Danish Football Player Of The Year
The Danish Player of the Year award is an annual prize, which has been given to the best Danish football (soccer) player by the Danish Football Association since 1963. The winner is decided in a vote amongst the professional Danish footballers.
Jens Petersen was the first player to win the award in 1963. When receiving the award in 1975, Henning Munk Jensen became the first player to win the prize for a second time. Up until 1978, the Danish Football Association's rule of amateurism meant only players in the domestic league could win the prize. Even after the emergence of paid football in Denmark in 1978, no players in foreign clubs were eligible for the award - in part, the reason why 1977 European Footballer of the Year striker Allan Simonsen didn't win the award, as he played overseas from 1972 to 1983. When the award was finally opened to all Danish players in 1983, national team captain Morten Olsen was the first player to win the award. Record title holder is Brian Laudrup, with four "Danish Player of the Year" honours to his name. Brøndby IF is the football club with most players selected for the award: In total, the honour was given on eight occasions to a player who played that year at Brøndby.
Other articles related to "danish football player of the year, year, players":
... Year U/21 U/19 U/17 1987 *Johnny Mølby, Vejle Anders Maibom, B 1909 Diego Tur, B 1988 ... *Henrik Risom, Vejle Jens Madsen, Brøndby Ronnie Ekelund, Brøndby ... Ajax Uffe Manich Bech, Lyngby Pierre Emile Højbjerg, Brøndby (*) Players who have played at least one match for the senior national team ...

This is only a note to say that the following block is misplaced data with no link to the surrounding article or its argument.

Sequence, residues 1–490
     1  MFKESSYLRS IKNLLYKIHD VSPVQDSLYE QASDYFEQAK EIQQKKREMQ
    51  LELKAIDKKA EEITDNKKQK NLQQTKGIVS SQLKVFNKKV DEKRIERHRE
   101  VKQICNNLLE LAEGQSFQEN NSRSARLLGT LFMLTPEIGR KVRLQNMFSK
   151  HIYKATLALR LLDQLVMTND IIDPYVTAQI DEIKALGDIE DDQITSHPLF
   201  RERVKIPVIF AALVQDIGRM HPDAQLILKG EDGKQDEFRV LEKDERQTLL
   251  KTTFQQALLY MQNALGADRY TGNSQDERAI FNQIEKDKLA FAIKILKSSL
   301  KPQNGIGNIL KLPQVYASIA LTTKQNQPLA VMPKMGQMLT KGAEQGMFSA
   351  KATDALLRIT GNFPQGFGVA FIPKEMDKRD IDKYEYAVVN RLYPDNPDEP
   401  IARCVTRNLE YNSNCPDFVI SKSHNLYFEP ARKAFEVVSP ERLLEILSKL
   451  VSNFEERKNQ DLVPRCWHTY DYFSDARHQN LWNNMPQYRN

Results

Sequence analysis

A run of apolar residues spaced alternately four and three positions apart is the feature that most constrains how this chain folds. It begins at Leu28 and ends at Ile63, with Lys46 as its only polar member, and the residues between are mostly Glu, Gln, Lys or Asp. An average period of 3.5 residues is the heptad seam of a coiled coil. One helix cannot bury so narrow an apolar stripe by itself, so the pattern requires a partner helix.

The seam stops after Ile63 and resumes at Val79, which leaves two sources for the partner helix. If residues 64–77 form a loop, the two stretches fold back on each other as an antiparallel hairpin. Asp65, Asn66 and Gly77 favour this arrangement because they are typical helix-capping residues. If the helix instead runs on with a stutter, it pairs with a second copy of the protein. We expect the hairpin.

Famous quotes containing the words year, player and/or football:
“The New Year is the season in which custom seems more particularly to authorize civil and harmless lies, under the name of compliments. People reciprocally profess wishes which they seldom form and concern which they seldom feel.”
—Philip Dormer Stanhope, 4th Earl Chesterfield (16941773)
“There has been in our time a lack of reliance on language and a lack of experimentation which are frightening to anyone who sees them as symptoms. We know the phenomenon of stage-fright: it holds the player shivering, incapable of speech or action. Perhaps there is an audience-fright which the play can feel, which leaves him with these incapacities.”
—Muriel Rukeyser (19131980)
“In football they measure forty-yard sprints. Nobody runs forty yards in basketball. Maybe you run the ninety-four feet of the court; then you stop, not on a dime, but on Miss Libertys torch. In football you run over somebodys face.”
—Donald Hall (b. 1928)